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Shenzhou 10 Returns Safely To Earth
by Dr Morris Jones
Sydney, Australia (SPX) Jun 26, 2013

File image of a Shenzhou landed

The safe return of the Shenzhou 10 spacecraft has resolved more questions about China's latest astronaut mission. Clearly, Shenzhou 10's expedition to the Tiangong 1 space laboratory has been successful. However, some mysteries remain about the events on this flight, and the overall direction for China's space program.

The most outstanding mystery surrounding Shenzhou 10 began long before the spacecraft was rolled out to the Launchpad. This is the strange media and public relations strategy that was apparent to analysts weeks before the mission began. China is notorious for its tight management of media access to its space program, and we did not expect a high level of openness for this mission.

However, it is obvious that there has been a major step backwards in terms of media access. The reportage on Shenzhou 10 stands in high contrast to the very good coverage provided for the Shenzhou 9 mission just a year earlier. Live television coverage of key events was either curtailed or entirely deleted. Why was this done? At face value, it seems that China lost more than it gained (if it gained anything at all) from the policy shift.

There was also a strange modus of identifying the crew. In an unusual pattern of disclosure, China confirmed that female astronaut Wang Yaping would be on the flight weeks before the countdown began. This was surprising, as crews for missions are normally kept officially secret until just before launch. At the same time, the identities of the two astronauts who would join her were not disclosed, and they were not officially named until less than a day before liftoff.

Although we were pleased to see Wang named for the flight and celebrated the publicity for her achievements, the uneven pattern of reportage was perplexing. Was there an internal political agenda at work? It's possible that naming Wang in public at an early stage would make it difficult to remove her from the mission later on. If this was an issue, does this suggest that there was still some uncertainty over the crew for the mission, with disputes over who would be aboard? This is a plausible theory.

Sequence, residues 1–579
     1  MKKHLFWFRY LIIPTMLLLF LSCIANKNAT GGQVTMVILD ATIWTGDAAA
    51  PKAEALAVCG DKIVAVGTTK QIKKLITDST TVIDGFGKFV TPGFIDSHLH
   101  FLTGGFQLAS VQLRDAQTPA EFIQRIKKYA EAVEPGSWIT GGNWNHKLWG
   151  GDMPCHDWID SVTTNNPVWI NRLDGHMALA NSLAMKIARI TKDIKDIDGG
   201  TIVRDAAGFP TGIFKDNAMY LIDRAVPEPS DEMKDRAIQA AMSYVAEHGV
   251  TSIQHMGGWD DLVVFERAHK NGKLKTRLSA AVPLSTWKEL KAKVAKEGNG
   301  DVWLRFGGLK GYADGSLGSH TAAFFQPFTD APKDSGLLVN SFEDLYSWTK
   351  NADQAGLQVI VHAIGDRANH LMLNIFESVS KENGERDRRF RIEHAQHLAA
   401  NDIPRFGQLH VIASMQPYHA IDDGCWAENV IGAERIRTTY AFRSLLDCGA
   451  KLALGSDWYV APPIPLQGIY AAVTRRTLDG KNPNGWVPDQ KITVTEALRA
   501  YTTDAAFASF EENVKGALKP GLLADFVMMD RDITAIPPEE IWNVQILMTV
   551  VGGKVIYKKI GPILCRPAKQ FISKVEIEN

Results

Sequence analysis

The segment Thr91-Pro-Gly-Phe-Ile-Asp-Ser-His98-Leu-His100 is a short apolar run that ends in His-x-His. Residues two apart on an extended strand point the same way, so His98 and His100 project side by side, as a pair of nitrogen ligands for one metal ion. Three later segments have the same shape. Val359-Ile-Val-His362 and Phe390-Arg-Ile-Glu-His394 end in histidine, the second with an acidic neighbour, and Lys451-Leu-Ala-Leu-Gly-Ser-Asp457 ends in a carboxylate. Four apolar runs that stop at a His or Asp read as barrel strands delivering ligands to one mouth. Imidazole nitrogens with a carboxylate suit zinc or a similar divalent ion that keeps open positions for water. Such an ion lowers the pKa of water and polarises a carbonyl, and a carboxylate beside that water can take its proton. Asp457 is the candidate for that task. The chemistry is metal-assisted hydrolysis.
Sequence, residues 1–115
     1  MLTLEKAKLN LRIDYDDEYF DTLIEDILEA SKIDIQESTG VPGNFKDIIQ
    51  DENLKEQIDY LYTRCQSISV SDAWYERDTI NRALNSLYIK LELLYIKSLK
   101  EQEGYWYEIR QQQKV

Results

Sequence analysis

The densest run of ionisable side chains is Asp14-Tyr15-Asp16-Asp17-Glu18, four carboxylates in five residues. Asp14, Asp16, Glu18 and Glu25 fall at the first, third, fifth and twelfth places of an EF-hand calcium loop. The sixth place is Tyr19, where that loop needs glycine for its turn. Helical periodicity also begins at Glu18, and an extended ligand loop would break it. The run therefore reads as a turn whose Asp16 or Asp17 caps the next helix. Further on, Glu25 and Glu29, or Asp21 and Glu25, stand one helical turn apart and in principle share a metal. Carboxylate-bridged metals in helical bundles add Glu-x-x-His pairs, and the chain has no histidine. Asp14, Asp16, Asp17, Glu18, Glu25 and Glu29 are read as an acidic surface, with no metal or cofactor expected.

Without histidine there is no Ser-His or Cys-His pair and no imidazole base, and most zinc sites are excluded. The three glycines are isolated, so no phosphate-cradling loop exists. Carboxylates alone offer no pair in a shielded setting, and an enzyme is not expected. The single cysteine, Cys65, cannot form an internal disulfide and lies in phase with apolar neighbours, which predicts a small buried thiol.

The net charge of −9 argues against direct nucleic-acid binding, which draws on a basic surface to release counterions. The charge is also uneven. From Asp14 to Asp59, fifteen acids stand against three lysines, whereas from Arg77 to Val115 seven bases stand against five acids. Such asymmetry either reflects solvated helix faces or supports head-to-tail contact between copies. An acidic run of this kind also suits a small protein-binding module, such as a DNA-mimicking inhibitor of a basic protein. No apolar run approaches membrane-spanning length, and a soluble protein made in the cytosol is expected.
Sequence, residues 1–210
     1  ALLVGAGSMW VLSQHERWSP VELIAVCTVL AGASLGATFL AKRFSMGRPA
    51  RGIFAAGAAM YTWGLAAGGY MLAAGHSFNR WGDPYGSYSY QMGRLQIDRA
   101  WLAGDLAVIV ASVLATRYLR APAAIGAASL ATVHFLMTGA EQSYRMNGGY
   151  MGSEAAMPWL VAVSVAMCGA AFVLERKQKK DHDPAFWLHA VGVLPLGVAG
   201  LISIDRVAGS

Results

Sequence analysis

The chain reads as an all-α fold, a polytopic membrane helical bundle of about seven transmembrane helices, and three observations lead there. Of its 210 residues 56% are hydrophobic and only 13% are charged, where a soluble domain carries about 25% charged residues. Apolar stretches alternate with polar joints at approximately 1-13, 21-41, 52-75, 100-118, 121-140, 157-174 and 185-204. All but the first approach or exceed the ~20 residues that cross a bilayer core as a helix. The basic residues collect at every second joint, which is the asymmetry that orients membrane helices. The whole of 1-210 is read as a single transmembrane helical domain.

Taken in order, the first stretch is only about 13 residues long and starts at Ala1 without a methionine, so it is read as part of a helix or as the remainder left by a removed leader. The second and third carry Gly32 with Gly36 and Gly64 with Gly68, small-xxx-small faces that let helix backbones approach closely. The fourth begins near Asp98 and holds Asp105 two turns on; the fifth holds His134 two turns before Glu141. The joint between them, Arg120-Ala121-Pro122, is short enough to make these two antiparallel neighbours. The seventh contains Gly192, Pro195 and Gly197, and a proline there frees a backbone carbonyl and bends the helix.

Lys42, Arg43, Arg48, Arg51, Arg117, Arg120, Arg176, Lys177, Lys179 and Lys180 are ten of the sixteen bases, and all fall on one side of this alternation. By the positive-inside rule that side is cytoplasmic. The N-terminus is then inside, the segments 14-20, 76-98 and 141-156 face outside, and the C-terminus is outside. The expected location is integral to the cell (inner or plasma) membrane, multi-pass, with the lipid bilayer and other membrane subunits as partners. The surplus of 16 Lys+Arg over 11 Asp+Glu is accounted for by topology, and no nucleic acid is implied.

We also have only a basic understanding of the tasks performed by the crew aboard the Tiangong module. The astronauts were docked there for roughly twelve days. The most visible activity performed on Tiangong was a science lesson for Chinese students performed by Wang Yaping. China has spoken in vague terms of medical and engineering experiments but supplied no real details. In this regard, the work on the Shenzhou 10 mission has been reported in the same way as for Shenzhou 9, which was also covered without specifics on the experiments. These mysteries have been compounded by the overall lack of media coverage of the mission.

We can speculate that most of the medical experiments performed by the Shenzhou 10 crew were tests on the health of the astronauts themselves. We can also speculate on why China was so tight-lipped with its media coverage.

This analyst contrasts the relatively good coverage of the Shenzhou 9 mission, launched just last year, with the near-blackout strategy this time. In this analyst's view, the change is probably connected to the rise of Xi Jinping as the President of China, and the reshuffle of other senior positions in China's leadership.

Mr Xi is a new leader who is still probably consolidating his credibility within the government and the public. As such, he could feel more vulnerable to bad news than his predecessor. The restricted coverage of Shenzhou 10 could be a defensive strategy to help downplay any mishaps that could reflect badly on Mr Xi. It would be unwise and unfair to blame any problems with the Shenzhou mission on Mr Xi, but as the leader of the nation, he is seen to be connected to any major state event.

This analyst hopes that the success of the Shenzhou 10 mission will inspire China to loosen its media policies for subsequent space missions, including the upcoming landing of a robot rover on the Moon. In time, the space program will probably prove its worth as an asset instead of a liability. And Mr Xi himself will probably grow more comfortable in his leadership.

As with most missions in China's fairly closed space program, some mysteries will take years to disclose, and some interesting stories will probably never leak out. There will hopefully be more disclosure when the International Astronautical Congress takes place in Beijing later this year. Mysteries may be frustrating, but they provide plenty of fodder for an international community of space analysts and fans.

Dr Morris Jones is an Australian space analyst who has covered the Shenzhou program for since 1999. Email Replace NOSPAM with @ to send email. Dr Jones will answer media inquiries.


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